rake edge by 1Yi'. Do the same on the opposite side of the


roof. Run a taut string between the bottom edges of the
two shakes. Install the remaining shakes in the starter row,
aligning the bottoms with the string. Keep the manufacturer's
recommended distance between shakes, usually % to %".

Set the first course of shakes over the starter row,

Snap a chalk line over the first course of shakes at the

aligning the shakes along the rake ends and bottoms. Joints
between shakes must overlap by at least 1Y/. Drive two nails
in each shake, % to 1" from the edges, and 1%to 2" above
the exposure line. use the hatchet to rip shakes to fit. Tip: Set
the gauge on your roofer's hatchet to the exposure rate. You
can then use the hatchet as a quick reference for checking
the exposure.

exposure line. Snap a second line at a distance that's twice


the exposure rate. Staple an 18"-wide strip of felt paper at the
second line. Overlap felt paper vertical seams by 4" . Install the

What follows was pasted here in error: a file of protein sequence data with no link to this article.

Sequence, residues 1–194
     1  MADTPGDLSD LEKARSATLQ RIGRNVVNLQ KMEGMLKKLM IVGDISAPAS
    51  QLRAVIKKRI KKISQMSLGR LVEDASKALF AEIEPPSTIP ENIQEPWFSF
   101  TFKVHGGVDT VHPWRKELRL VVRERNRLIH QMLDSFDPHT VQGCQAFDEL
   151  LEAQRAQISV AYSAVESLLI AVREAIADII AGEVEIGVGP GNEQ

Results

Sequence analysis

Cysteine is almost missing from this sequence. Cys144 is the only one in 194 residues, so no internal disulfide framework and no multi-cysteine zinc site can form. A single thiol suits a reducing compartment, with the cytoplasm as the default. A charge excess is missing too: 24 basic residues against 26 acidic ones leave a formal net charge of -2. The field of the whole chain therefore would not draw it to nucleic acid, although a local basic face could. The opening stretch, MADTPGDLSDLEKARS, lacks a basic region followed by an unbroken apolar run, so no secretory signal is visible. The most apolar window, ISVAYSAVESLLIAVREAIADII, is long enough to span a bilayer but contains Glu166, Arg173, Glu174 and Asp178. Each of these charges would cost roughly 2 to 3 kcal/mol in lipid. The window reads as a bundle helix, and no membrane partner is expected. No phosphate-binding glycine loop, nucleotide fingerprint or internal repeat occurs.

second course of shakes at the exposure line, offsetting joints
by 1%" minimum . Install remaining courses the same way.

92 T H E

CO~!I PL ETE

GUIDE TO BOOFI NG, SID I NG & TB1M

Set shakes in place along valleys, but don't nail them.

Hold a 1 x 4 against the center of the valley flashing without


nailing it. Place It over the shakes to use as a guide for marking
the angle of the valley. Cut the shakes using a CIrcular saw,
then install.

Notch shakes to fit around a plumbing stack using a


jigsaw, then Install a course of shakes below the stack. Apply
roofing cement to the underside of the stack flashing, then
place It over the stack and over the shakes. Nail the flashing
along the edges.

use the 1 x 4 to align the edge of the shakes along the


valley. Keep the 1 x 4 butted against the valley center, and
place the edge of the shake along the edge of the board. Avoid
nailing through the valley flashing when installing the shakes.

Overlap the exposed flashing with the next row of shakes.